It’s not a constant mess, for systematic effort will refine your operating systems.  Without the constant, though, things will remain a mess.  And it’s a constant struggle to overcome the mess for ‘Everyone wants better.  No one wants change’.

Right Or Wrong?

June 13th, 2011 | Specific | 0 Comments

Last week was simple and easy; actually, it was about simple (that’s hardly simple) and easy (when it becomes harder).  This week is about right or wrong.

There is a moral dimension to many of the decisions you make during experiential learning and behavioural change.  Decisions are made on the basis that they are good rather than bad, right rather than wrong, appropriate rather than inappropriate or fair rather than unfair.  However, it is never as clear-cut as these dichotomies suggest for most of these decisions occupy the grey, fuzzy space between these poles (and, to mangle a metaphor, this is fitting for they are often taken in the heat of the moment).  Moral is more tropical than polar!  ‘tis nobler could also suggest that this can also make them unbearable but that would be a step too far.

The traditional view is that we follow a systematic, methodical process in making these decisions, weighing the costs and benefits and identifying the best thing to do.  There is a range of judgments and decisions in the short film ‘Insomnio’ and it gives you the impression these are (silently) assessed over a period of time until a final decision is made:

But it’s generally not a systematic process.  The evidence indicates that the process we use to reach a ‘moral’ decision is as messy and ill-defined as the content of the question over which we are musing.  ‘How am I doing it?’ is just as difficult to answer as ‘What should I be doing?’  It’s fast rather than measured and it’s frugal rather than rich in its use of available information.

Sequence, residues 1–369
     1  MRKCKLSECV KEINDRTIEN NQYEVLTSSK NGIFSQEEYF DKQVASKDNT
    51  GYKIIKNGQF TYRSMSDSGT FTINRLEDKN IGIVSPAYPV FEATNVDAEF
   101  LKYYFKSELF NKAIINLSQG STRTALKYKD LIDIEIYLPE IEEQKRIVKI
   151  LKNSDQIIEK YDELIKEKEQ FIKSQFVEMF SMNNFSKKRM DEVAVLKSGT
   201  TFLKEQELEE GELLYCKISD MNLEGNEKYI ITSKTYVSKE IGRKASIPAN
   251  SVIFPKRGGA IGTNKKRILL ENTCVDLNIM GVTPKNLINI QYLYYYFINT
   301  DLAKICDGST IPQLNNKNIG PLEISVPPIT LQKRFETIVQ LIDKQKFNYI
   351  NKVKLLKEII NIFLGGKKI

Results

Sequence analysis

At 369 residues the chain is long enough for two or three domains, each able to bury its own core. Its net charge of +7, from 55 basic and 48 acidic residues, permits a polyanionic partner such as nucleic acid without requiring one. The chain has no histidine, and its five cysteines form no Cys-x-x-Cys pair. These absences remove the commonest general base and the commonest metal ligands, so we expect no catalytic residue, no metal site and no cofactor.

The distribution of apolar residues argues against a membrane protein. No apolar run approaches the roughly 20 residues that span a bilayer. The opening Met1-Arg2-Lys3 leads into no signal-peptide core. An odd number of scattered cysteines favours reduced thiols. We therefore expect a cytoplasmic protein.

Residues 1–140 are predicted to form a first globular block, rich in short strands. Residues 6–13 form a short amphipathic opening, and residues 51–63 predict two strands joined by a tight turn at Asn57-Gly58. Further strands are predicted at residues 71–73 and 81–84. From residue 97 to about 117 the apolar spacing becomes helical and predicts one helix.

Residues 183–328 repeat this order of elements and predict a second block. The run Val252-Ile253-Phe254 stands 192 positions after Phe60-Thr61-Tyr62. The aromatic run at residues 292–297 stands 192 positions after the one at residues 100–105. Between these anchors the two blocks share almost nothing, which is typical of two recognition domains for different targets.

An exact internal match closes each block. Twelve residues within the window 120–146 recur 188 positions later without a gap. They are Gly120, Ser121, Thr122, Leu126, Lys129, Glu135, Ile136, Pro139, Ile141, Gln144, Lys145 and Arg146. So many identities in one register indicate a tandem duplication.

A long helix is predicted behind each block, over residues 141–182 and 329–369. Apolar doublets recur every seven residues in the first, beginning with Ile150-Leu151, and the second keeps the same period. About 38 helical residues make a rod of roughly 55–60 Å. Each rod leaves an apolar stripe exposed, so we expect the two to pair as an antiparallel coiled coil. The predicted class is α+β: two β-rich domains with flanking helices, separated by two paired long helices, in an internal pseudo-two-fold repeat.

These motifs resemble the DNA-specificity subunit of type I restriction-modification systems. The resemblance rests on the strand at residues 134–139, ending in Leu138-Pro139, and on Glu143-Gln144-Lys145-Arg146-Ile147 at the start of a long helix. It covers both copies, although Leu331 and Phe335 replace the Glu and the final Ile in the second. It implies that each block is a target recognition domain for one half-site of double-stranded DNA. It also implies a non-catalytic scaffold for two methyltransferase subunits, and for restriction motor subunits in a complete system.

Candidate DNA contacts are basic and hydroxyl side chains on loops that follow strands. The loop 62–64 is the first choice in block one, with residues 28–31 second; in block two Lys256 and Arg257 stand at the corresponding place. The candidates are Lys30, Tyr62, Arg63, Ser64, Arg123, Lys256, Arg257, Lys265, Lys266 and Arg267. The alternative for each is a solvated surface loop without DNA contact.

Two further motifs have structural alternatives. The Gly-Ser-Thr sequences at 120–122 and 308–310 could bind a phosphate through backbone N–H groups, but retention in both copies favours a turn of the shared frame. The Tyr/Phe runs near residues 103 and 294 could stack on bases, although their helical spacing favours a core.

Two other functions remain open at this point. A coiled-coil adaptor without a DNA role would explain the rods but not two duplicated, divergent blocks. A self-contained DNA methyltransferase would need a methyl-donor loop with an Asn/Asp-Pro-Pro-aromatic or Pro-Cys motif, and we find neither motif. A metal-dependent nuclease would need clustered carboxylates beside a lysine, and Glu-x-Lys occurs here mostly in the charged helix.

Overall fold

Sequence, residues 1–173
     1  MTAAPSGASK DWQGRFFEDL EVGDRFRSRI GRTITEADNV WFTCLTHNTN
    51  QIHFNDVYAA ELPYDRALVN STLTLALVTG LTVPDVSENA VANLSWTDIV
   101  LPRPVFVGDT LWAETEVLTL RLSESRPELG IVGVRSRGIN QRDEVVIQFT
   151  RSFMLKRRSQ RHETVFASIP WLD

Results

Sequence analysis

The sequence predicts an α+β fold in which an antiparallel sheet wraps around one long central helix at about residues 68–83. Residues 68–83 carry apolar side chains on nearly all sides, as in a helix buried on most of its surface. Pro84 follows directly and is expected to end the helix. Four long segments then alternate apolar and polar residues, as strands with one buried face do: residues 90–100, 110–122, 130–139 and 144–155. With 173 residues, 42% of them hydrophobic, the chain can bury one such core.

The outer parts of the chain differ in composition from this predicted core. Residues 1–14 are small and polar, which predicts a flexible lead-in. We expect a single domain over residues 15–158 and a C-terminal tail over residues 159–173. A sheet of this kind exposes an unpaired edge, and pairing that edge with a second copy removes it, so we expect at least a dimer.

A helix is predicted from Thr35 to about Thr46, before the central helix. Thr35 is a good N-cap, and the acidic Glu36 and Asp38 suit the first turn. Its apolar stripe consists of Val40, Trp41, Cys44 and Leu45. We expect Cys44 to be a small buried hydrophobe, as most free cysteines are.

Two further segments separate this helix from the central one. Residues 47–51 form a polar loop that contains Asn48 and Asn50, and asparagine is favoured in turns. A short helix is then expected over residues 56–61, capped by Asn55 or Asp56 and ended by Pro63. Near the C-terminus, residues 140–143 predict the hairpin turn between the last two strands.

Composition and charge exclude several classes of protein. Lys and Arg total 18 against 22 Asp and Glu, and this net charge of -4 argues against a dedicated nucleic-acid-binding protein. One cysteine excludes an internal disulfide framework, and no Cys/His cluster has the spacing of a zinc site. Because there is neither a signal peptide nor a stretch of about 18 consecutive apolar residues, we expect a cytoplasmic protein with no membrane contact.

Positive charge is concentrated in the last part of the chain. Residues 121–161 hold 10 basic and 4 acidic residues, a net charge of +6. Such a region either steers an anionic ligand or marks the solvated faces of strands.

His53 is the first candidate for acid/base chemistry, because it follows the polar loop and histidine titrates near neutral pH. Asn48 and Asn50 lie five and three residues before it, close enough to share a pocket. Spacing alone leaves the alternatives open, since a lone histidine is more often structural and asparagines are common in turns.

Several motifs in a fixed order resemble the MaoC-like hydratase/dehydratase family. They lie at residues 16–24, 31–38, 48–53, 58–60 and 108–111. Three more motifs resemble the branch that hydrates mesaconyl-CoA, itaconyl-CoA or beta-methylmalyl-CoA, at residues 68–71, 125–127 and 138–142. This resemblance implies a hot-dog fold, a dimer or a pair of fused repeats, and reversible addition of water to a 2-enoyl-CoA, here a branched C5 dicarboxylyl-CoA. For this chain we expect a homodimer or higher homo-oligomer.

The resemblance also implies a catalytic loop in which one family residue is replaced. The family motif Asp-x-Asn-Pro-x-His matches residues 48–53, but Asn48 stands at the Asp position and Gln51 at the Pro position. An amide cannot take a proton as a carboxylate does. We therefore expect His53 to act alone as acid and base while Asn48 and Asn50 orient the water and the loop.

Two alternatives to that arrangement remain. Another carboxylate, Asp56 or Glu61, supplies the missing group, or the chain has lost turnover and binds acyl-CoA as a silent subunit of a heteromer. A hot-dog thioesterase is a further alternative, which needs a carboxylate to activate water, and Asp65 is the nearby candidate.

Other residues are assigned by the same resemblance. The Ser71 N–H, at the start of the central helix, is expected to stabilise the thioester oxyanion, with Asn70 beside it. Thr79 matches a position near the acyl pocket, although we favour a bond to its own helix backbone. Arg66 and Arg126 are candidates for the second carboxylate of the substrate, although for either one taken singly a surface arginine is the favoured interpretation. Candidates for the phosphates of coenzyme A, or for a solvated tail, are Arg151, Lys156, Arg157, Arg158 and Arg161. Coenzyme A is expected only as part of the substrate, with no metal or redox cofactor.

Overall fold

And, as you would expect, the process is not immune from external influences.  A dirtier, immediate environment can see you making ‘dirtier’ decisions while cleaner surroundings can see you making ‘cleaner’ decisions.  The process can be affected by mood and situations – holding a cup of coffee in your hands can see you making ‘warmer’ judgments of others – and there is also a ‘ripple’ effect in which a motivating experience leads to ‘better’ behaviour in the short term.  You have been ‘primed’ to act more morally.

When you consider this ‘moral decision maelstrom’, you appreciate how challenging it is to be consistent in the frequent decisions that you must make within your own ‘world’.  We rarely, and fortunately, need to confront big decisions; rather, it is the endless, little decisions that can chip away at our commitment and erode our self-management.

And this is further complicated by our lack of self awareness, of the things going on in our own head.  ‘Should I have a third chocolate biscuit?’  ‘Would it be OK for me to miss a practice session today?’  These are small questions in isolation – perhaps a messy, inconsistent approach to resolving them doesn’t matter.  But you don’t live your life as a series of discrete and independent events – your life is an aggregation of these events.

There’s not necessarily a right or wrong answer to any specific decision you must make but there is a better or worse pattern that emerges from the sequence of decisions you make.  This is the essence of robust and resilient self-management, indulging in occasional, minor lapses as the exceptions that prove the rule of a more positive and sustainable behavioural pattern.

How Slippery?

June 3rd, 2011 | Specific | 0 Comments

Split Enz sang that they had ‘just spent six months in a leaky boat, looking just to keep afloat’.  Many people spend a lot of time pursuing goals; this pursuit also ‘leaks’ and you have to keep looking (at what you’re doing) to stay on track.